Were any Karaite Divorce Documents Found in the Cairo Geniza?
I’ll start by expressing the same shock that most of the Jewish community felt last week upon learning of the arrests of three NY Orthodox rabbis. According to sources in the linked article, these rabbis, ran a ring in which “Orthodox wives seeking divorce ma[de] payments to the rabbis—-in some cases up to $100,000.” Apparently, the rabbis “then facilitated the divorce, often through violent means, with the rabbis hiring thugs to beat the Orthodox Jewish husbands into” agreeing to grant their wives a religious divorce document, commonly called a “get.”
The Karaite halakha actually makes an occurrence like this virtually impossible.
“And we have heard from our teachers that the heretic Anan and his friends used to write down heresies and lies and hide them in the ground.
Then they would take them out and say: This is what we found in ancient books.” – Rabbi Moses Taku*
Dead Sea Scroll Excerpts of the Book of Psalms
Source: Library of Congress
To much fanfare, Google and the Israel Antiquities Authority announced this week that they have made the Dead Sea Scrolls accessible online. The Dead Sea Scrolls have some implications for research into the origins and theology of Karaite Judaism. The first modern discovery of the Dead Sea Scrolls occurred in late 1940s; but, by all appearances, some of the Dead Sea Scrolls were discovered in the ninth century. [Editor’s Note 12:49 p.m. (pacific): See the first comment below for a reference to an even earlier discovery.]
What is interesting, from a Karaite perspective, is the clear connection between some of the writings of the Dead Sea Scrolls and some of the writings of medieval Karaites. This similarity is what prompted Rabbi Moses Taku, a thirteenth century rabbi, to relate a Rabbinic view that Karaites of the eighth century wrote the Dead Sea Scrolls and buried them for the sole purpose of later supporting the antiquity of the Karaite movement. (Of course, history has proven this view to be nonsense.)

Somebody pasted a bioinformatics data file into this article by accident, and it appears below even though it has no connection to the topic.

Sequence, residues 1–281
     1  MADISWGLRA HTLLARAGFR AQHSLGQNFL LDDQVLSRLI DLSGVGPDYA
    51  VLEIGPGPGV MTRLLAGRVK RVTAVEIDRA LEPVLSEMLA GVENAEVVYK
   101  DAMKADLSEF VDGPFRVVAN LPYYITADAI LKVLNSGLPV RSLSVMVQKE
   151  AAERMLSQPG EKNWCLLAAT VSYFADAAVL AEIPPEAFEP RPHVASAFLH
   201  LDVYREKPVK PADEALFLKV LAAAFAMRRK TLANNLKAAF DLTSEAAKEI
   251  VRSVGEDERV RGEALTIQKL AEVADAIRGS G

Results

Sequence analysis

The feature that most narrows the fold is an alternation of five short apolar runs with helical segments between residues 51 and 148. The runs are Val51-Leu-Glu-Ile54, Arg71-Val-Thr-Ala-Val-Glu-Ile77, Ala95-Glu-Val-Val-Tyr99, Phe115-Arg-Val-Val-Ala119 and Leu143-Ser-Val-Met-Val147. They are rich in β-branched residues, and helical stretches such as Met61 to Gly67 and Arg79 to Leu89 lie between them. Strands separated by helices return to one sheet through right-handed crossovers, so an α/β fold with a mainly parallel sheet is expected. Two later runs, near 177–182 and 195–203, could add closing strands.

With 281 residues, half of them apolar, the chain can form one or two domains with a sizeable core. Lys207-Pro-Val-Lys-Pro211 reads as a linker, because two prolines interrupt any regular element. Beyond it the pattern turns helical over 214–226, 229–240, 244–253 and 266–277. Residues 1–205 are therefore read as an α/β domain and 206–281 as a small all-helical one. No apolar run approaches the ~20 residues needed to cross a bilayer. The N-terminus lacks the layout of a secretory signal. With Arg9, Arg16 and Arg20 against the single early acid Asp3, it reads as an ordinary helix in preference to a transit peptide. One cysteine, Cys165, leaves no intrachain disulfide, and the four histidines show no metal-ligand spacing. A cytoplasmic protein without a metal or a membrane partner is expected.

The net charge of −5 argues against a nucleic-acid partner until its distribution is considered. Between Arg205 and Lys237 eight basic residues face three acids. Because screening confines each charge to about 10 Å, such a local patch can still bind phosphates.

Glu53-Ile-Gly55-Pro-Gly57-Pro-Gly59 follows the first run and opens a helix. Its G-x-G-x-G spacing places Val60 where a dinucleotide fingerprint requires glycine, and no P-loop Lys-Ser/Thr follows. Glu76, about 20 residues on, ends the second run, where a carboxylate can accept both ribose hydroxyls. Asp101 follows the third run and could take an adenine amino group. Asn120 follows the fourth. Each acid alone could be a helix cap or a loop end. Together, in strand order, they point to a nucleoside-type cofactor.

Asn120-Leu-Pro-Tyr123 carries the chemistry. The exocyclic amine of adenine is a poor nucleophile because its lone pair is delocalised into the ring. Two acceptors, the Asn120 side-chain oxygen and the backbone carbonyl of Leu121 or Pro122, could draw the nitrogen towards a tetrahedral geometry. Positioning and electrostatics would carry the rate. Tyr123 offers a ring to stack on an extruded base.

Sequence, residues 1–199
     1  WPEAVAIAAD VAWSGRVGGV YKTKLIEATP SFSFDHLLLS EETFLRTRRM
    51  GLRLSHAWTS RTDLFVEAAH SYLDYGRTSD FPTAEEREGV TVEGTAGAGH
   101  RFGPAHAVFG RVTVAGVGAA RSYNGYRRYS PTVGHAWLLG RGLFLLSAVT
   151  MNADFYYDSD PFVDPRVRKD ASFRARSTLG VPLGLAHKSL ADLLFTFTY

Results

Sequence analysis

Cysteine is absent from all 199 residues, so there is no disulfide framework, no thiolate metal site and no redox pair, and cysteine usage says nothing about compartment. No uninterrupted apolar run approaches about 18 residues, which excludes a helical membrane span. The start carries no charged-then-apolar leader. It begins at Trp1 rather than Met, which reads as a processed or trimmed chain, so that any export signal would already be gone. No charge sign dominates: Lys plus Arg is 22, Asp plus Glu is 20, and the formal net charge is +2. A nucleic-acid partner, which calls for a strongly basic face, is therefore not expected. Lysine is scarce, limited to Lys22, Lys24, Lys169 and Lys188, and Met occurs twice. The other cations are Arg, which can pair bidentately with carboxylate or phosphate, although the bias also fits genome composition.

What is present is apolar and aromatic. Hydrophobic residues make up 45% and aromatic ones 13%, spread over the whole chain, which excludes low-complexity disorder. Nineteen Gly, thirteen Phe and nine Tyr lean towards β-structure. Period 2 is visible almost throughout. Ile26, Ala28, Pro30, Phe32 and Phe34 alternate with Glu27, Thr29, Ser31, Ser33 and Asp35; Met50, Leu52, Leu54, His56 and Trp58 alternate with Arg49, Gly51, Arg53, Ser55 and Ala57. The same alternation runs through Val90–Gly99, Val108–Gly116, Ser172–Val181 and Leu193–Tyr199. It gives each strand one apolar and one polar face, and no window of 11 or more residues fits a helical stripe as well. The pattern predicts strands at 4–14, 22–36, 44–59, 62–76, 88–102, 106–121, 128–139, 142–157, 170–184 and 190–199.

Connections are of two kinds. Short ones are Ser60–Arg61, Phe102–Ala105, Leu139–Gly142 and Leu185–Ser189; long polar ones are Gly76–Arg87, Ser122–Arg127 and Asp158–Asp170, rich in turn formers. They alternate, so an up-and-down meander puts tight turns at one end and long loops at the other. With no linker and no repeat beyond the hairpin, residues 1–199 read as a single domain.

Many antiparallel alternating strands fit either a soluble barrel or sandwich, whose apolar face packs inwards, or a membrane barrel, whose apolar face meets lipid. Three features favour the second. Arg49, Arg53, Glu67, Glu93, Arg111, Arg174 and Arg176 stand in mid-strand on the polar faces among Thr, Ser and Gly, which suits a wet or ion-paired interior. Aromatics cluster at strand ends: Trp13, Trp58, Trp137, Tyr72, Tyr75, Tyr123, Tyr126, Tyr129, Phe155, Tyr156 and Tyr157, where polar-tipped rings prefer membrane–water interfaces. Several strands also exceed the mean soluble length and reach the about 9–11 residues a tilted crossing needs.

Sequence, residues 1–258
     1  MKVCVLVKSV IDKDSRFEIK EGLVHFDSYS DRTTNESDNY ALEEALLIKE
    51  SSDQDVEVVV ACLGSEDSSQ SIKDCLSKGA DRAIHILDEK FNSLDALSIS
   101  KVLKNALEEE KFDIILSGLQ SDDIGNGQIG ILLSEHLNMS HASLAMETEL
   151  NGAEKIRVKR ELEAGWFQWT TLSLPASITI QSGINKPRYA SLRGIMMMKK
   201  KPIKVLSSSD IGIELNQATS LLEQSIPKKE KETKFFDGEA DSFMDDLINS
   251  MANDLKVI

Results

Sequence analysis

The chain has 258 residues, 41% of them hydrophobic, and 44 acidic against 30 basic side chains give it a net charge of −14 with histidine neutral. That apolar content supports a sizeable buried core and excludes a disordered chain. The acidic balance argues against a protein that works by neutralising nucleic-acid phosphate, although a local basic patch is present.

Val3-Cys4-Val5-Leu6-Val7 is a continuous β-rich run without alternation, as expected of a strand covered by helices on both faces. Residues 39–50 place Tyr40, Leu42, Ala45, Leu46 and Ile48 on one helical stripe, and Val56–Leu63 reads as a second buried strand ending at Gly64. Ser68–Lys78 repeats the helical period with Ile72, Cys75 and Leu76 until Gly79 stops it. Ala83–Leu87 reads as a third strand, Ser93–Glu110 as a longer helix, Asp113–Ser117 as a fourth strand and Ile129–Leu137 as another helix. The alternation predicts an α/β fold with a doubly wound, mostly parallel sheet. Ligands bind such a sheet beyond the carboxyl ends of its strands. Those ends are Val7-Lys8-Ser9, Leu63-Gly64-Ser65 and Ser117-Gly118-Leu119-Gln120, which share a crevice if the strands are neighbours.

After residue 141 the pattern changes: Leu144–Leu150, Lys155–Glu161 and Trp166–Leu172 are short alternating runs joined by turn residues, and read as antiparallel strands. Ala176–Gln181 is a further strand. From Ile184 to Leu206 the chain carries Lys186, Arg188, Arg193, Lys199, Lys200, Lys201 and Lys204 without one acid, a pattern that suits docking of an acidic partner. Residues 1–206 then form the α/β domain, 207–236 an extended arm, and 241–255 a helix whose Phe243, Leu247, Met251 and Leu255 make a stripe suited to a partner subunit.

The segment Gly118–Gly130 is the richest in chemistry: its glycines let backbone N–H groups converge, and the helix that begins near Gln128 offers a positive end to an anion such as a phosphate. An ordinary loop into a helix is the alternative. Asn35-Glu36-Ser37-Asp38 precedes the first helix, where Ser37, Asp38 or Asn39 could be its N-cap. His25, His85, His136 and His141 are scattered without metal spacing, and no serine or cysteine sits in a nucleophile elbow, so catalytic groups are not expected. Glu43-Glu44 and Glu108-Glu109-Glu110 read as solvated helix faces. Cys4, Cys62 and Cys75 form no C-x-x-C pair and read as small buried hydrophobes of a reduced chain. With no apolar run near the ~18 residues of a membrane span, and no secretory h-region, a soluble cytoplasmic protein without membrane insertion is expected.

One of my professed goals for starting A Blue Thread is to promote the study of Karaite Judaism at secular and religious institutions. This is the first in a series of posts related to a workshop, entitled Karaite Studies: The State of Field, that was held in Israel from February 27, 2012 – March 1, 2012.*
For today, I’ve created cliff notes and commentary (not to be confused with an oral law) for the first half of a question-and-answer session between Rabbi Moshe Firrouz, the Chief Rabbi of the Karaite Council of Sages (Hebrew: Moetzet HaHachamim), and various researchers and academics in attendance at the workshop. The topics covered in this post range from women in Karaite Judaism; Karaite Torah scrolls; rebuilding the Temple in Jerusalem; and efforts of the Karaite community to maintain its halakha (religious interpretations), culture and traditions.
Filed under Conferences & Workshops, Divorce & Get, Karaite Beit Din, Karaite Jews of America, Karaite Prayers & Melody, Karaite Rabbanite Relations, Karaite Scribes, Karaite Studies: The State of the Field, Moetzet Hachamim (Council of Sages), The Temple, What is Karaite Judaism, Women in Karaism